1.) Don’t go alone. If you plan on going tell some of your colleagues to meet you there. Don’t plan on talking to them all night, and if they know someone you don’t ask to introduce you. Fun Fact: This is how I met my colorist and we work very well together now!
2.) I agree with @avincie about the noise level at these places being frustrating. Not sure how to combat that but there’s always an option to move outside to a less loud/populated area.
3.) I suck at follow-up as well, because I normally only try once and if I don’t get a response I give up.
4.) The more you do it the better you get at it. At least I hope so for me!
I want to add to my response since I noticed my networking skills have improved since NJ Webfest. It’s really nice when you introduce yourself and people you never met already know who you are. At the festival I made it a point to approach people with, “Hi, I’m Sally from Ghetto Nerd Girl,” and 9 times out of 10 the response was, “Yes, I know who you are.” It was the best feeling in the world!
wow I can’t believe someone so famous is still posting in this forum!! (that’s so cool Sally- congrats!)
I’ve found that that networking events tend to be very hostile towards people not in established cliques. This is absolutely true in LA and in Toronto and similar in other centres.
The problem is most come from the “indie film” communities which are generally VERY pretentious and cliquish. So much so that I never attend any mixers anymore because A. I’ve never met someone at a mixer that I later worked with and B. I find online communities to be much more inclusive.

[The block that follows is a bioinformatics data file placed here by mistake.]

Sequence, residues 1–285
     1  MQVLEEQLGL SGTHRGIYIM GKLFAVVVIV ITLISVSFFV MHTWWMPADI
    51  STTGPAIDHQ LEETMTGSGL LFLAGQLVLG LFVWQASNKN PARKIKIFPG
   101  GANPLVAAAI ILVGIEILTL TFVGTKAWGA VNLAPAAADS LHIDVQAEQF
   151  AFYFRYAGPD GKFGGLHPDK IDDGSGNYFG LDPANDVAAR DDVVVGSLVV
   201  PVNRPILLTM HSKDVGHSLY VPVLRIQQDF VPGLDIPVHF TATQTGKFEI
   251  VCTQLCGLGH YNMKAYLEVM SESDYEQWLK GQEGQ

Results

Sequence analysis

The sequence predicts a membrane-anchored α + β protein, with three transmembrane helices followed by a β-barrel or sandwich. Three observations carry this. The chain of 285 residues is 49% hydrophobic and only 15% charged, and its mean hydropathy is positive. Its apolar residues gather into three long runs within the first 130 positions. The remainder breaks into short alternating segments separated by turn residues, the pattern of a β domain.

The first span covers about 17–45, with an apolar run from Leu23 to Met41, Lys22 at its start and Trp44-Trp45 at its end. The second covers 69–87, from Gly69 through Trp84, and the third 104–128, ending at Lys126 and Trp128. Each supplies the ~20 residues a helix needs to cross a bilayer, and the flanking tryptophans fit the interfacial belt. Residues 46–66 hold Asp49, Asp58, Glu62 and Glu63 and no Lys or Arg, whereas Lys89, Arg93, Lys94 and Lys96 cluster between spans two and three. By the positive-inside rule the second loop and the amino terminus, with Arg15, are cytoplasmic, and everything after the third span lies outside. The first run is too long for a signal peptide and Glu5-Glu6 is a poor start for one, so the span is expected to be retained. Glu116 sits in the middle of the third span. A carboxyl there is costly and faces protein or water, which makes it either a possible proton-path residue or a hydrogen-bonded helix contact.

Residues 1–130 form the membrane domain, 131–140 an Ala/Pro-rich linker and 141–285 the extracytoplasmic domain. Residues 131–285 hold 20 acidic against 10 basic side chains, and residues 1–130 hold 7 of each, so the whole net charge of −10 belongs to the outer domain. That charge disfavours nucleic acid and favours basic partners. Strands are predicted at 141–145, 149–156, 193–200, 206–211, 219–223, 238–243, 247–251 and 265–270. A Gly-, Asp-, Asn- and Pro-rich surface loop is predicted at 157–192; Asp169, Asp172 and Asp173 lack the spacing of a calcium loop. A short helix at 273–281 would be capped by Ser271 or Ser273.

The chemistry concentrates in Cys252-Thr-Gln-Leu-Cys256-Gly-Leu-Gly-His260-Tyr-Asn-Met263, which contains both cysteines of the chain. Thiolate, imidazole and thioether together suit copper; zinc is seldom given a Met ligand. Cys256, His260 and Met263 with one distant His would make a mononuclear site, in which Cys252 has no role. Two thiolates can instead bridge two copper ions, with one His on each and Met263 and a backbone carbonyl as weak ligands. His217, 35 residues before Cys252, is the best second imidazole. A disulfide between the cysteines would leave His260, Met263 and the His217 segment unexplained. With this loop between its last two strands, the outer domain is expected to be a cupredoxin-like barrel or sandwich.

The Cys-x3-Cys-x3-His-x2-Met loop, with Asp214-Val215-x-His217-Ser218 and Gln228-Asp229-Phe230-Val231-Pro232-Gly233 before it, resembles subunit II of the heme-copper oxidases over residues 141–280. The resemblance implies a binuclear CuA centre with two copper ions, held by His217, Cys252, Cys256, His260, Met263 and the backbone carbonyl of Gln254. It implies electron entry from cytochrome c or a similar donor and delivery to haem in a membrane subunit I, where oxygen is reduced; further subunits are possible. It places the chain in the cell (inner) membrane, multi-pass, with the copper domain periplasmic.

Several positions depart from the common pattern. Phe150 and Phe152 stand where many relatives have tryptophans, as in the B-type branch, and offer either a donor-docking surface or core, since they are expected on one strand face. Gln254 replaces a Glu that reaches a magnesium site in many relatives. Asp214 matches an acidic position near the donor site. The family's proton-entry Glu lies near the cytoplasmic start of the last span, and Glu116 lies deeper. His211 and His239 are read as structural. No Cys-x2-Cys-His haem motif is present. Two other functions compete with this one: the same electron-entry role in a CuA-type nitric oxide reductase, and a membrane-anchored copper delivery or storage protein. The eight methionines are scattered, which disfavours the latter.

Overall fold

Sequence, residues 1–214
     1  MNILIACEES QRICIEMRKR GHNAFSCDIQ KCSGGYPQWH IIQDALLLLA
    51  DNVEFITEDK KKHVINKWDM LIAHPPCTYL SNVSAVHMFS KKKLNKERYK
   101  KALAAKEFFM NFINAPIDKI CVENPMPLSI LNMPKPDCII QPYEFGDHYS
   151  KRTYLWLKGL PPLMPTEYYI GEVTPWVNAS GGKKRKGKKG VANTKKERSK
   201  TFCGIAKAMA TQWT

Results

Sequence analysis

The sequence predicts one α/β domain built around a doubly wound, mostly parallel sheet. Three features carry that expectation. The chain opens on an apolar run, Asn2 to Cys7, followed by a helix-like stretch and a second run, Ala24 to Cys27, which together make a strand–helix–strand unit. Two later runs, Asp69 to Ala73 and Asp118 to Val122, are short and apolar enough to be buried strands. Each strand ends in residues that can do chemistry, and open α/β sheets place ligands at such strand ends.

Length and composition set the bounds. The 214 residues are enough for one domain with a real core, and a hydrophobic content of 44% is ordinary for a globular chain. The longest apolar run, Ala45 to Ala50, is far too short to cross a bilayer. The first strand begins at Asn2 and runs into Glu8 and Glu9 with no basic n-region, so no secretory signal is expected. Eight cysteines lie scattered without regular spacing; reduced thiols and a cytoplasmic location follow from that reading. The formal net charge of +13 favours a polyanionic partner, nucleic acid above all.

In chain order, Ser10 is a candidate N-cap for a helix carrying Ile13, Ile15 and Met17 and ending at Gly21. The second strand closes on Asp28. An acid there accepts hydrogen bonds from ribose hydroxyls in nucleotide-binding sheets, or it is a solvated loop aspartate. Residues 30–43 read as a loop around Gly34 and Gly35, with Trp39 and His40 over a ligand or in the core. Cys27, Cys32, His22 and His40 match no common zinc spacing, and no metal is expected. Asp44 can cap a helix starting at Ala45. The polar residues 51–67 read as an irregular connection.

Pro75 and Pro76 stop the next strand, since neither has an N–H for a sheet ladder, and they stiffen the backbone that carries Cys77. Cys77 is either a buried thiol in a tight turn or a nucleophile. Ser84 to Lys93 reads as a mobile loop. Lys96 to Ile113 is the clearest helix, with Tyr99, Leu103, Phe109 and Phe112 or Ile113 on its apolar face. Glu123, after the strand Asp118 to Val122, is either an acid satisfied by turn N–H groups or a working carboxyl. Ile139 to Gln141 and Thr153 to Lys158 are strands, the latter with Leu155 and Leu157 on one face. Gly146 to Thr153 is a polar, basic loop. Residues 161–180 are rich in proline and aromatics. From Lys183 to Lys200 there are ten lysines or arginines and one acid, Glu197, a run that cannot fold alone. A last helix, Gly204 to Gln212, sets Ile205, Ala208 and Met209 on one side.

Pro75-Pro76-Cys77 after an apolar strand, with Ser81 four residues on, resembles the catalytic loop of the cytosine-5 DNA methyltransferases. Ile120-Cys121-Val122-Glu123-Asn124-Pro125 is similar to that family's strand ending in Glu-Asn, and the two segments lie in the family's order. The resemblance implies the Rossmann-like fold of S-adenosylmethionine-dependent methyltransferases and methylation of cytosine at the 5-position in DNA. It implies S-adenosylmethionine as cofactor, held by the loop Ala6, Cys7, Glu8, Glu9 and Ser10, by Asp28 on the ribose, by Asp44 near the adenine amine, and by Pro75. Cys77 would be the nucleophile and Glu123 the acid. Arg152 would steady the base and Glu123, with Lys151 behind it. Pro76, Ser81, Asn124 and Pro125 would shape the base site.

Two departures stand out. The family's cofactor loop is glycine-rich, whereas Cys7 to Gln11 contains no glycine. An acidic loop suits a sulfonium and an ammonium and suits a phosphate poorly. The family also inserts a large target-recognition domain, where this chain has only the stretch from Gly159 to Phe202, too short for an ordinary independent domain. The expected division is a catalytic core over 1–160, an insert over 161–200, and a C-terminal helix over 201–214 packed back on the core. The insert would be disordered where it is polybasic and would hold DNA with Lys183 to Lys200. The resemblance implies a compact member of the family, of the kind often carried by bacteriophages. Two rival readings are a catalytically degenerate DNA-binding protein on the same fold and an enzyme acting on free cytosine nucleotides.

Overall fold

In terms of a “solution”, I’ve seen some events go the “speed dating” format, which I’ve never seen in person, but on paper looks like something worth trying.
Yes! It was really awesome meeting you and others at NJ Webfest. I found it to be a very valuable networking opportunity.
The most frustrating thing I’ve found - particularly with music business…but I’ve also seen it in the cg world …
When you speak to the pros, they are usually focused on a bottom line and how to safely make money…not taking chances … when you speak to hobbyists, they either believe the hype and get disillusioned when they see how much real work is behind it…or treat it like a hobby and look for fun more than a sense of fulfilling a vision and creating something undeniable.
I suppose in the earlier years of film and music for that matter, so much was new, new techniques and technology …and there was a pioneer mentality vs today, where everyone is doing it, the tech is cheap and available, no paper plates needed for the flying saucer effect, and the pioneer spirit has been replaced with algorithms and metrics.
but that’s what i find most frustrating, imo the pioneering era has taken a backseat to statistics and bottom lines. I can certainly appreciate both views on that too, especially when the rent is due, but it’s frustrating because I do want to make great chart busting stuff - but i have to curb my enthusiasm and think like spock to work in the current internet of things.